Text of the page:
Program Description. The curriculum provides a thorough and well-rounded foundation in basic science, mathematics, engineering science, and general education to prepare the graduate for a professional engineering career. The curriculum is also excellent preparation for graduate school. The program is strong in providing a background in design, solid and fluid mechanics, systems engineering, and the thermal sciences, including energy and energy transfer. Computer applications are stressed throughout the curriculum. All undergraduates are invited and encouraged to join the student section of the American Society of Mechanical Engineers, which sponsors industrial plant visits, special lectures, and other activities. Students may also join chapters of the Society of Automotive Engineers (SAE) and the Society for Experimental Mechanics (SEM).

The work in the first two years consists of basic courses in science (math, physics, chemistry), applied science (mechanics, electricity and magnetism, basic computer literacy and computer-aided problem solving), manufacturing processes, and general education requirements (humanities, social sciences, English communication). Two introductory engineering courses are included in the freshman year.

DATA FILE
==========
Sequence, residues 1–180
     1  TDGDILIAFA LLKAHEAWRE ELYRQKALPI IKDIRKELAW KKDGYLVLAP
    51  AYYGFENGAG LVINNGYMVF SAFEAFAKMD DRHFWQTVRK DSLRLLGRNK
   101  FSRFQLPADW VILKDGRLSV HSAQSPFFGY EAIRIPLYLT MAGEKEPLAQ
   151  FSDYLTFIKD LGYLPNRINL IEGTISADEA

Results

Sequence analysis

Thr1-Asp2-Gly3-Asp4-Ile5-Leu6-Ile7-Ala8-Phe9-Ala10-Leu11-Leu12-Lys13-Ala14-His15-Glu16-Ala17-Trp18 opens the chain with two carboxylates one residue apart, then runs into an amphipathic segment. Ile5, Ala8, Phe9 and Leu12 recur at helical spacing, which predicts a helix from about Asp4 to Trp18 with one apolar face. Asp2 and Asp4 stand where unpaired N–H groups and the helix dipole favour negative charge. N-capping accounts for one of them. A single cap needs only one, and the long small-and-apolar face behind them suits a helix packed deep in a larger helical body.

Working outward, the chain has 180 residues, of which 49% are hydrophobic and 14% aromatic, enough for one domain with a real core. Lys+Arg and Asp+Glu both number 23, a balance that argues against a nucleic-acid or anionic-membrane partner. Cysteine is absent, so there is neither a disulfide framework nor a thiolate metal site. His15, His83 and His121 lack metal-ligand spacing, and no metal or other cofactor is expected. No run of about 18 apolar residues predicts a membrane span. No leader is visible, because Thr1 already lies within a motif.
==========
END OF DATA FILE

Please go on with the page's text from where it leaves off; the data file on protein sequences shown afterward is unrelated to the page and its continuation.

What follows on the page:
The junior year concentrates on fundamental mechanical engineering courses (thermodynamics, fluid mechanics, systems engineering, engineering analysis, heat transfer), materials sciences, and design of machines. Further general education studies are also covered.

The senior year includes the capstone design sequence, mechanical engineering experimentation, and a wide variety of professional electives such as mechanical control systems, advanced fluid mechanics, advanced mechanics of materials, mechatronics, internal combustion engines, applied energy conversion, tribology, product design for manufacture, air conditioning, heating and ventilation, vibrations, finite element method, and experimental stress analysis. The program also includes two laboratory courses in the junior and senior years.

Computer techniques are integrated throughout the curriculum. Computational facilities including PCs and workstations are available in the College of Engineering’s Engineering Computer Center (ECC) and the University’s Office of Information Technology Services (ITS). The department’s computer classrooms provide state-of-the-art hardware and software for simulation, design, and product development.